Energy investment challenges

21st April 2016


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Author

Stephen Gould

Auctions may not increase investment in renewables.

The UK government’s new renewable energy tariff scheme raises challenges for investors. Although the government has put contract for difference feed-in tariffs (CfDs) at the centre of its renewable energy policy, in fact the CfD auction process introduces significant uncertainty as to whether a project will be awarded a CfD. This may work to defeat the policy aim of increasing investment in renewable energy by providing normalised and stable long-term returns for investors.

The CfD scheme is intended to replace the Renewable Obligation Certificate (ROC) permit trading scheme and operates by awarding renewable energy generators a private contract with a government counterparty, the Low Carbon Contracts Company (LCCC). The renewable energy generator will agree a ‘strike’ price for the offtake of electricity per megawatt hour with the LCCC. The LCCC will pay the difference between the ‘reference price’ (a measure of the average market price for electricity in the UK market) and the strike price.

From an investor’s perspective, at least in theory, the removal of long-term price risk through the CfD mechanism should encourage investment in the renewables sector. It should also enable greater access to project financed leverage, as returns can be modelled with greater accuracy.

The first round, sealed-bid, CfD auction process was completed in February 2015 and required different renewable technologies to compete against each other, in two pots:

  • established technologies, limited to onshore wind, solar PV and energy from waste;
  • less-established technologies, a broader category which included offshore wind and more advanced conversion technologies.

In the first auction round, £259 million or 82% of the overall budget was allocated to the less-established technology pot, although this equated to only 57% of the total projected generation output. Based on these statistics, it is clear that if the technologies competed together in a single pot a greater capacity delivery could be achieved with the same overall investment.

The rationale was to encourage less established technologies to develop and to become more cost effective. However, it also reveals the UK government’s preference for offshore wind, which does not attract the same level of criticism regarding its impact on the environment and local area when compared to more established, land-based, technologies.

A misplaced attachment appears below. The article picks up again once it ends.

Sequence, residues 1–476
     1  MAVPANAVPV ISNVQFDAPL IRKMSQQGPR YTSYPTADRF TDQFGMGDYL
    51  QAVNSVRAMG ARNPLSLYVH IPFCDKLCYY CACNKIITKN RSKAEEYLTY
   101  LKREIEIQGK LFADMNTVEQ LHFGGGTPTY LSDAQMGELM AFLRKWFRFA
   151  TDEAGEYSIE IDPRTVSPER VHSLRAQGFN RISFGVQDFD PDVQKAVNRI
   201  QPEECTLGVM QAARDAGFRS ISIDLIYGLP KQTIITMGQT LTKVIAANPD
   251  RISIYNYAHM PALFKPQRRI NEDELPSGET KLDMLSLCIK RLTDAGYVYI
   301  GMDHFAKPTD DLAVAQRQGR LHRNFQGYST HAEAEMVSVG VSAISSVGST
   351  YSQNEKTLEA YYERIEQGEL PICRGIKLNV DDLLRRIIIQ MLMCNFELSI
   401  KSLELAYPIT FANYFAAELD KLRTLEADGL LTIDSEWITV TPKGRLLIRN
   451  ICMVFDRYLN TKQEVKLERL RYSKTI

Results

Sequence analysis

Investors making a CfD auction bid are required to indicate whether they could deliver at, or below, the auction baseline administrative strike price (a price per megawatt hour of electricity generated, below which they would be supported by subsidy payments). The opening bid price was set in the first CfD auction round at a level for each technology which was designed to reflect fair returns to investors.

In reality, however, the opportunity for predatory and strategic pricing could lead to bidders making offers with strike prices at levels that are not economically viable. This was the case with certain solar PV bids in the first auction round and several of these projects have subsequently been withdrawn. It is to be hoped that the government resists the temptation to use these strike prices as a market-tested benchmark, reflected in future auction rounds.

The initial auction process also highlighted other potential obstacles to investment. In particular, the costs of meeting the qualification criteria to participate in the bid process can be significant and the risk that these costs could be wasted may deter some developers, as well as restrict their access to construction finance.

At the end of 2015, the UK government announced that there will be a further CfD auction round commencing at the end of 2016. The indication is that this round will only be open to the less developed technologies class. The government also anticipated a further two CfD auction rounds before the end of the current Parliament, although decisions on when and how to proceed will be predicated entirely on the government’s cost-reduction ambitions.

The UK government has not, however, provided guidance on the exact timings for future auction rounds, the budget for each renewable technology, or a clear indication of the criteria for specified technologies’ inclusion within each auction round. Even less clear is how the policy landscape and government priorities will change after the scheduled 2020 UK election, not to mention any Brexit.

This uncertainty and the potential deterrents thrown up by the initial auction process could well result in a diminished investment pipeline for renewable generation projects over the medium to long term, contrary to government intentions.


This blog was co-authored by Matt Lewy, associate at Baker Botts.

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